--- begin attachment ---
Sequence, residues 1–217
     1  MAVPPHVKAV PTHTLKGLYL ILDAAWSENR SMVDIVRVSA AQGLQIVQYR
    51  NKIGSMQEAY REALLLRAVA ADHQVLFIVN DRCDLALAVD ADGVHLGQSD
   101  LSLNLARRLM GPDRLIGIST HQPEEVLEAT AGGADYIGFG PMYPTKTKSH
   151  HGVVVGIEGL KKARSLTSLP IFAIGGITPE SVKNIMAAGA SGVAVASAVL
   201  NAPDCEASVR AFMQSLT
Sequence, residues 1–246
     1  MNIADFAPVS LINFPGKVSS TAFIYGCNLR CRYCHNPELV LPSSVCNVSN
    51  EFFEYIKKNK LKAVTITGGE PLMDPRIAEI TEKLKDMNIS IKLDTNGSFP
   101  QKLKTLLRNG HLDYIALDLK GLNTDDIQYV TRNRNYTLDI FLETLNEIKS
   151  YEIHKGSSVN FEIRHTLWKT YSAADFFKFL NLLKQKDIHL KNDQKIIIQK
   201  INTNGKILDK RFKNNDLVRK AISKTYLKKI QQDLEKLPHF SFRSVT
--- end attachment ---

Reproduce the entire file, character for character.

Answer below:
Sequence, residues 1–217
     1  MAVPPHVKAV PTHTLKGLYL ILDAAWSENR SMVDIVRVSA AQGLQIVQYR
    51  NKIGSMQEAY REALLLRAVA ADHQVLFIVN DRCDLALAVD ADGVHLGQSD
   101  LSLNLARRLM GPDRLIGIST HQPEEVLEAT AGGADYIGFG PMYPTKTKSH
   151  HGVVVGIEGL KKARSLTSLP IFAIGGITPE SVKNIMAAGA SGVAVASAVL
   201  NAPDCEASVR AFMQSLT
Sequence, residues 1–246
     1  MNIADFAPVS LINFPGKVSS TAFIYGCNLR CRYCHNPELV LPSSVCNVSN
    51  EFFEYIKKNK LKAVTITGGE PLMDPRIAEI TEKLKDMNIS IKLDTNGSFP
   101  QKLKTLLRNG HLDYIALDLK GLNTDDIQYV TRNRNYTLDI FLETLNEIKS
   151  YEIHKGSSVN FEIRHTLWKT YSAADFFKFL NLLKQKDIHL KNDQKIIIQK
   201  INTNGKILDK RFKNNDLVRK AISKTYLKKI QQDLEKLPHF SFRSVT